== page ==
Two influential theories of embodied cognition at the crossroads of cognitive science and cinema studies are Conceptual Metaphor Theory from cognitive linguistics and Embodied Simulation Theory from neuroscience. This landmark article combines both perspectives into a unified model for understanding conceptual meaning in moving image works. What cognitive linguists have been proposing and what neuroscience is confirming is that meaning in visual media is metaphorically mapped within our sensory-motor system and that embodied simulation processes allow viewers to infer this meaning from the evidence provided by moving image works.
Lubomír Doležel presents an extensive examination and theory of literary fiction based on the notion of possible worlds drawing on the philosophical work of Leibniz, Russell, Frege, Searle, and others. He writes “The actual world exists prior to, and independently of, textual activity. Imaging texts are representations of the actual world; they provide information about it in reports, pictures, hypotheses, and the like. Constructing texts are prior to worlds; it is textual activity that calls worlds into existence and determines their structures” (p. 24).
Gottschall writes with a general audience in mind describing what makes stories interesting and boils down to a protagonist we care about running into a series of problems as they attempt to achieve an external goal driven by a deep psychological need. Especially good is the chapter “Hell is Story Friendly.” While the book provides a good introduction, it feels incomplete as it does not venture beyond the mainstream model of protagonist-focused and resolution-oriented storytelling and we’re seeing more examples of open-ended narratives in our contemporary media ecosystem that should be addressed when you talk about story.
Haidt takes a sociobiological approach to explaining how and why we evolved to be moral and political creatures. He examines our ability to lose ourselves in groups pursuing larger projects like bees in a hive and suggests this hivish behavior is crucial for understanding the origins of morality, politics, and religion. If you want to understand confirmation bias and political tribalism, Haidt’s perspectives provides a good start. His basic premise is that our problem isn’t that we don’t reason. We do reason. But the arguments we construct are designed to support our own conclusions, not that of others. We use reason to justify our actions and judgments to others, but when it comes to making our own decisions, deep down, they are grounded more in emotion than logic and reason. His TED talks The Moral Roots of Liberals and Conservatives (TED 2008) and Can a Divided America Heal (TEDNYC 2016) provide a good overview of his ideas if you don’t want to dive into the book. Given the role emotions play in our decision making process, see also Feldman (2017).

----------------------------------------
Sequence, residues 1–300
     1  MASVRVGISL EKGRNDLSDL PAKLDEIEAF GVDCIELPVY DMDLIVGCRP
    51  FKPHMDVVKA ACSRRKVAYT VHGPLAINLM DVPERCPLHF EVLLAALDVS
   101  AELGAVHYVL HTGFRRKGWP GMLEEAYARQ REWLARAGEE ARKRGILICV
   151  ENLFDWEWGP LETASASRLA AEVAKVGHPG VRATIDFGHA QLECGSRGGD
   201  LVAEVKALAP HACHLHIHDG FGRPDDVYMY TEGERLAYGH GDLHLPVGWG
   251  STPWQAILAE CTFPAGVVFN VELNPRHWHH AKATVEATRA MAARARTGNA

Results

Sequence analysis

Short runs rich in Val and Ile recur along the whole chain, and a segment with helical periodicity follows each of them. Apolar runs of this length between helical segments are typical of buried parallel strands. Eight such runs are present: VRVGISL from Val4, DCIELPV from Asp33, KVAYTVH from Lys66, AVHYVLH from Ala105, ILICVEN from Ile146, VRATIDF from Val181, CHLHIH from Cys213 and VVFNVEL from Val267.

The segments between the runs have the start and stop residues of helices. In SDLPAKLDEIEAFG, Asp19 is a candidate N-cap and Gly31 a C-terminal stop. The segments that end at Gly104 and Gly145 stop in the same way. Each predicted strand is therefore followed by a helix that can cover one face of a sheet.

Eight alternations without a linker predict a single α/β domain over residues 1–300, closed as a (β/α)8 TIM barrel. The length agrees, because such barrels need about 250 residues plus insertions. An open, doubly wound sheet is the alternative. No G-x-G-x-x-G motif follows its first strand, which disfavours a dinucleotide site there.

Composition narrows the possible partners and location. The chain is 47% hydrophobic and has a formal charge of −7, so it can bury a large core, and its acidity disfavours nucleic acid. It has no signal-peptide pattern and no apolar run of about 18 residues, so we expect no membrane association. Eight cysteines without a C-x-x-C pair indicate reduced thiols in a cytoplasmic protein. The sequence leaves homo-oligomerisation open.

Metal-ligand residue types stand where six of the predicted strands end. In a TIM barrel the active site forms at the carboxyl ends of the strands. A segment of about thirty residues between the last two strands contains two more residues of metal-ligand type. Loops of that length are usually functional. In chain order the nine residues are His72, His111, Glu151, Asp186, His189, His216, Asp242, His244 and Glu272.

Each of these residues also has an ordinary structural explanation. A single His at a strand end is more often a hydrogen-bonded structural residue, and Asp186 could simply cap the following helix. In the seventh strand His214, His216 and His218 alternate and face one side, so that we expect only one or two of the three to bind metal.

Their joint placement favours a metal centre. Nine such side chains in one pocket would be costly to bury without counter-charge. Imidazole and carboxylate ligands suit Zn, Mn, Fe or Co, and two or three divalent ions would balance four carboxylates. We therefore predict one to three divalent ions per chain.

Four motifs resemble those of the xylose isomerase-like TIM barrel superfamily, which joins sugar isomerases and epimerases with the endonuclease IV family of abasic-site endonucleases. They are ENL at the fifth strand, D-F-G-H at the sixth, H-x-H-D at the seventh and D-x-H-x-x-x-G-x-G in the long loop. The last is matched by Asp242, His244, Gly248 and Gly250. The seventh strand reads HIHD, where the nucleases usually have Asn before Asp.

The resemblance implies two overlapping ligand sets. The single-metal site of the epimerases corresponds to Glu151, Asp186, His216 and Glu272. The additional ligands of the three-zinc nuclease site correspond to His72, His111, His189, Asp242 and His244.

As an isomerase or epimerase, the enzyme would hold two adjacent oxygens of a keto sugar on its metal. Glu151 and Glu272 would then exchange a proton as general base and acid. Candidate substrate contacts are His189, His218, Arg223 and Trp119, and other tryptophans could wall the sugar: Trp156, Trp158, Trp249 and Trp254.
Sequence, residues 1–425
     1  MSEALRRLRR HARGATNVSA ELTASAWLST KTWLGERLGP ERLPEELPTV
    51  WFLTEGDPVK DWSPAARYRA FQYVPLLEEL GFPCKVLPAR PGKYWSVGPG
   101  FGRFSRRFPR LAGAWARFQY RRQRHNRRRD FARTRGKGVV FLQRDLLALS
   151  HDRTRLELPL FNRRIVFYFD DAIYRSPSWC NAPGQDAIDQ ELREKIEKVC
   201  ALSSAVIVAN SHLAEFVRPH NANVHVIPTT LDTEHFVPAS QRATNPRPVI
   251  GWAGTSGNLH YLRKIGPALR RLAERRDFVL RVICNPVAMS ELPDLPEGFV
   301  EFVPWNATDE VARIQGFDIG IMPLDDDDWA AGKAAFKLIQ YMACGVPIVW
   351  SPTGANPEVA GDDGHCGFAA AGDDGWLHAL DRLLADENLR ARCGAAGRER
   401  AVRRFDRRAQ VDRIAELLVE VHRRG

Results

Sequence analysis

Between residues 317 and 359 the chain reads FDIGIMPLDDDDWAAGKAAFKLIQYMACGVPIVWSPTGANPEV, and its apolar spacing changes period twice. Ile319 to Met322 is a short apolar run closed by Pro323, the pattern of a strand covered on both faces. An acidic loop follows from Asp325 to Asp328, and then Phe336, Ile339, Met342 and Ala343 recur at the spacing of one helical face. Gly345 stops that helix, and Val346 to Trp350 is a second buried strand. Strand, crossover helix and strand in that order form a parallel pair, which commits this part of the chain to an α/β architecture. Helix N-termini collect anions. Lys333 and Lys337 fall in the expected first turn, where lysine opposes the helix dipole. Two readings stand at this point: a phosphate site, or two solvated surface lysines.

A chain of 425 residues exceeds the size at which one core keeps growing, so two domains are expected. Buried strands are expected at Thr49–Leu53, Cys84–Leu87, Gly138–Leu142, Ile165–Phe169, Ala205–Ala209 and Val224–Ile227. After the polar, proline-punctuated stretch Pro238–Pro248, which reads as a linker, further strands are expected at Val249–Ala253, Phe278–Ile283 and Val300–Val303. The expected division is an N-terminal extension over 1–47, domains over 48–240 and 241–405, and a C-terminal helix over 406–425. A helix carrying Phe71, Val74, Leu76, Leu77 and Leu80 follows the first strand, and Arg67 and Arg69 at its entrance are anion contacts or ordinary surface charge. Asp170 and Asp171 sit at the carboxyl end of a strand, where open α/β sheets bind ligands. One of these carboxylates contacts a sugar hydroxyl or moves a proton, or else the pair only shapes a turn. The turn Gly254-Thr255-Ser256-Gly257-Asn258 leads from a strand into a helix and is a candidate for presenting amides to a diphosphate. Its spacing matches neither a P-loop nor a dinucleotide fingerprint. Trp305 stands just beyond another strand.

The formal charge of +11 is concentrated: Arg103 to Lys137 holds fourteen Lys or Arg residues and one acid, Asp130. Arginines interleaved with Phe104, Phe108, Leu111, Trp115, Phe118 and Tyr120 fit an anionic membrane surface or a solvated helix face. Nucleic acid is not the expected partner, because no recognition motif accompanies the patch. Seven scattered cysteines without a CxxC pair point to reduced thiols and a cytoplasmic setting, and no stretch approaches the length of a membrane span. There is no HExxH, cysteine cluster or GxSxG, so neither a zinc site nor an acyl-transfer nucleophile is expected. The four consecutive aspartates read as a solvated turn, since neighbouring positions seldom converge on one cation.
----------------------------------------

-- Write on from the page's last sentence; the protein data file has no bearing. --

Herman presents a transdisciplinary exploration of narrative and argues that its not simply a target for interpretation but also as a means through which we make sense of experience itself. Herman takes a deep dive into how people use stories to make sense of the world. He does a nice job of connecting narrative scholarship with psycholinguistics, cognitive psychology, social psychology, and more. Brings an up to date perspective on the ideas Jerome Bruner presented in the 1980s.
First published in 1980, this landmark book changed our understanding of metaphor and its role in language and the mind. Lakoff and Johnson argue that metaphor is a fundamental mechanism of mind. They structure our most basic understandings of our experience, thus they are “metaphors we live by,” they shape our perceptions and actions without our conscious awareness of them. In this updated edition the authors supply an afterword surveying how their Conceptual Metaphor Theory (CMT) has developed within cognitive science to become central to our contemporary understanding of how we think. See Winter (2014) for an application of CMT to the analysis of horror films, Ortiz (2014) for how filmmakers use mise-en-scène metaphorically and Coëgnarts (2017) for links between CMT, cinema, and neuroscience. |
Explores the role narrative plays in human life. Supported by in-depth research, the book demonstrates how the ways in which people tell their stories can be indicative of how they construct their worlds and their own identities. Given our media ecosystem shapes perceptions of the promises and limits of brain science, contributors also examine the representation of neuroscience and cognitive psychology within our mediated culture.